The true size of the ingredient market will also encompass not only sales of materials that are not considered true F&F ingredients but also sales of true F&F materials that go through several hands (e.g. Vigon where they buy and resell products to many others). The same principle will apply to the essential oils, extracts market etc. where material may pass through several hands (to be blended, purified etc.). To understand the impact of value-add ingredients vertical integration, our analysis will, therefore, have to rely on more tangible benchmarks to understanding the impact of ingredients in F&F, drawing upon senior executives vision statements, group strategic objectives and, of course, the tangible undertaking of M&A and other forms of strategic alliances. The benefits of this approach also allows us to better understand the strategic rationale behind these moves, which are more often driven by end-customer and ultimately consumer demands.
Who is Making the Critical Invisible Ingredients Visible?
Between 2010-15, there was a steady rise in the number of ingredients transactions annually, which fell back to around 40-50 deals p.a. As F-1 highlights, F&F sponsored transactions have accounted for around 40-50% of all ingredients deal activity annually. Interestingly, since 2011, at least half of the F&F deals undertaken have a strong element of F&F ingredient activity. In part, this is due to the lower level of tradable end-user assets available to the market over the period, and the strategic trend towards F&F ingredients acquisitions is clear.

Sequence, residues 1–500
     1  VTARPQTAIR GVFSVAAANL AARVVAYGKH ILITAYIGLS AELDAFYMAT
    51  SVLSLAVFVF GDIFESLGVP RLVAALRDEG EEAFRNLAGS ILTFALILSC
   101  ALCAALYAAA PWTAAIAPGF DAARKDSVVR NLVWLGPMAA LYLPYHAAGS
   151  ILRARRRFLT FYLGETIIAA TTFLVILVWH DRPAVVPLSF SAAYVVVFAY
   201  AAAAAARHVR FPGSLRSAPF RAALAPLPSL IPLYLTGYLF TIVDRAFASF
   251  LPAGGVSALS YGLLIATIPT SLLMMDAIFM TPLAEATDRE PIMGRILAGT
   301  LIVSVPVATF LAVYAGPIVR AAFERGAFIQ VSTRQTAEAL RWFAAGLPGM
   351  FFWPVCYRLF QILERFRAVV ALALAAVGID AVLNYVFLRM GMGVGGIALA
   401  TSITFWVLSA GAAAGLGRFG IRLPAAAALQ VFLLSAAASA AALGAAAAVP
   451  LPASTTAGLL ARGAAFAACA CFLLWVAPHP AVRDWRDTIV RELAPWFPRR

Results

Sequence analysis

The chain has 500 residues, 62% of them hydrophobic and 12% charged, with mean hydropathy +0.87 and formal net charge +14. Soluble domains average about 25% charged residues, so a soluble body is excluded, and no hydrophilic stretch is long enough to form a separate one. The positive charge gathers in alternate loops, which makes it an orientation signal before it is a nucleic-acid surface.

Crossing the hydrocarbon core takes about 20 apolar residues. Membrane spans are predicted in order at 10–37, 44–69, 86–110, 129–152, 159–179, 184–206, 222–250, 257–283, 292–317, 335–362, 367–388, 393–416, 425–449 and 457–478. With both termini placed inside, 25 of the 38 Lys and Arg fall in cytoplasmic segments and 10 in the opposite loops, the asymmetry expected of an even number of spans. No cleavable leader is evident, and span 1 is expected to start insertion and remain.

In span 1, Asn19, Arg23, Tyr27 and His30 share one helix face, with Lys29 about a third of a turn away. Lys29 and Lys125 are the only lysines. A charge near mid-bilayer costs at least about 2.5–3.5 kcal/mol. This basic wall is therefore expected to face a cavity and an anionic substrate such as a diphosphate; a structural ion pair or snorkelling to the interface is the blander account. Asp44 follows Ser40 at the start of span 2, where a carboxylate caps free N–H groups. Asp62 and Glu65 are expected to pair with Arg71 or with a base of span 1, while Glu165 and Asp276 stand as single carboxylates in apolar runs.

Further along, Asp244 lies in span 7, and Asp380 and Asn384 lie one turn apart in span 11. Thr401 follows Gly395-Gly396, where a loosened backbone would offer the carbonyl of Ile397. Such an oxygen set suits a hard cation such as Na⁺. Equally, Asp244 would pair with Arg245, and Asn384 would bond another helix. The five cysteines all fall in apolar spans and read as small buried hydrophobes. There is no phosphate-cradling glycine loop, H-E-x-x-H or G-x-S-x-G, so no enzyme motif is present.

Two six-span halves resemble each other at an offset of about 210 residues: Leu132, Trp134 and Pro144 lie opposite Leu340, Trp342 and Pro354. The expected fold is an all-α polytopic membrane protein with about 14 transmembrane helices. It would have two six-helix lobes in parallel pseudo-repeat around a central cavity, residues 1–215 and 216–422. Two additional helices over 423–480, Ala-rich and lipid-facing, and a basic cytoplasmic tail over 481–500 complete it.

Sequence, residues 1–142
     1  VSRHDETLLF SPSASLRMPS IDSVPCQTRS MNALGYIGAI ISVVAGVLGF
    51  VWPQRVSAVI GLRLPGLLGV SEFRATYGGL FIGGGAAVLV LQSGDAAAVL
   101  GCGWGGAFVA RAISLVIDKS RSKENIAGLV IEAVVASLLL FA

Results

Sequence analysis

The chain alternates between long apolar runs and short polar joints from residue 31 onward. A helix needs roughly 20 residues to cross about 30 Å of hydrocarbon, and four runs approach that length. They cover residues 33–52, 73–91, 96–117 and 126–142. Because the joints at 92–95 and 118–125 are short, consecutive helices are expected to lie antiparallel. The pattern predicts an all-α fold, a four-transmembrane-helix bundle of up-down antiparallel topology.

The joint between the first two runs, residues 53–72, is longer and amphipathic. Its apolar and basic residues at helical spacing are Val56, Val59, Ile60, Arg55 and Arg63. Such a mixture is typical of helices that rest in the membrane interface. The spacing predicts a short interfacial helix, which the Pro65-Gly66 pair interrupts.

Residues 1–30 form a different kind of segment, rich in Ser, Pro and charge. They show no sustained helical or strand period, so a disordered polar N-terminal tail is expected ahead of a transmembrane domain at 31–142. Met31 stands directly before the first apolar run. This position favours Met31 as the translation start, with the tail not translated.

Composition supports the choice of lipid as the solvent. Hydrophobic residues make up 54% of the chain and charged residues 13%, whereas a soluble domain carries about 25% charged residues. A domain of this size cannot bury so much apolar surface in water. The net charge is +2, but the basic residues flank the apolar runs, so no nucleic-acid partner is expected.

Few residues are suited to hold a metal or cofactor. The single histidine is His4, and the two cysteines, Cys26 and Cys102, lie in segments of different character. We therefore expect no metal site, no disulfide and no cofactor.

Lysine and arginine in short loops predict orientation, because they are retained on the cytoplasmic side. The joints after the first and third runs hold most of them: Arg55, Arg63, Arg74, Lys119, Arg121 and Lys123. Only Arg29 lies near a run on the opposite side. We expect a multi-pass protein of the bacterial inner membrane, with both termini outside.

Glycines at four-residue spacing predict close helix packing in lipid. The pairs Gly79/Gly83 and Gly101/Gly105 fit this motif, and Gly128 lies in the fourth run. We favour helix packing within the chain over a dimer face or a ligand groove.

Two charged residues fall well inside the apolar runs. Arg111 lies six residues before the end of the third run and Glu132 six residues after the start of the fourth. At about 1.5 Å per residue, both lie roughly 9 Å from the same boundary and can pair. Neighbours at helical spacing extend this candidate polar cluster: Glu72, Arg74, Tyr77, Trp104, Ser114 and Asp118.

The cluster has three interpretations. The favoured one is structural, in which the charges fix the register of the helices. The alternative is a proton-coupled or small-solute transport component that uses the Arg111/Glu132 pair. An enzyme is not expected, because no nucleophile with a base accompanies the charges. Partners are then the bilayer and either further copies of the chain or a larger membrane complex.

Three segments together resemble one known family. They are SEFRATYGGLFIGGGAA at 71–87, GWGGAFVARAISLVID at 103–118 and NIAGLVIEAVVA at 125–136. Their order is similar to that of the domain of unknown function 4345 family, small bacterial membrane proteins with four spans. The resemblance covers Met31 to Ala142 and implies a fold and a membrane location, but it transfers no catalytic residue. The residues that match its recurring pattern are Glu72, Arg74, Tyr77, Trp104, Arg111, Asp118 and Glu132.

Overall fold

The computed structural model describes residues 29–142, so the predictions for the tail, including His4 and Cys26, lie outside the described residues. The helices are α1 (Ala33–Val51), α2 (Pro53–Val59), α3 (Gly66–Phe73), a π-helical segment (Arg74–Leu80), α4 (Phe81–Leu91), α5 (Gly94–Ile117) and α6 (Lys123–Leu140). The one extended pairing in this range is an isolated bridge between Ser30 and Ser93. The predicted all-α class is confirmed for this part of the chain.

Analyzing ingredients valuations by most metrics and over almost any period of time, it is clear that situations involving F&F generally tend to be valued at a price premia above that achieved by their general ingredients peers (excluding particularly specialized value-add ingredients situations). Over the past five years, this distinction has become more prevalent with the leading F&F companies’ share prices and their associated financial EV/EBITDA metrics rising twice as much as ingredients peers. The direction is also true for private transactions. Even though prices paid for ingredients situations have increased, it remains generally common for the ingredients transaction to be executed at a multiple less than its (listed) F&F acquirer – except perhaps for those transactions in the active ingredients/cosmetics space where scarcity value and future growth opportunity has resulted in a competitive price paid.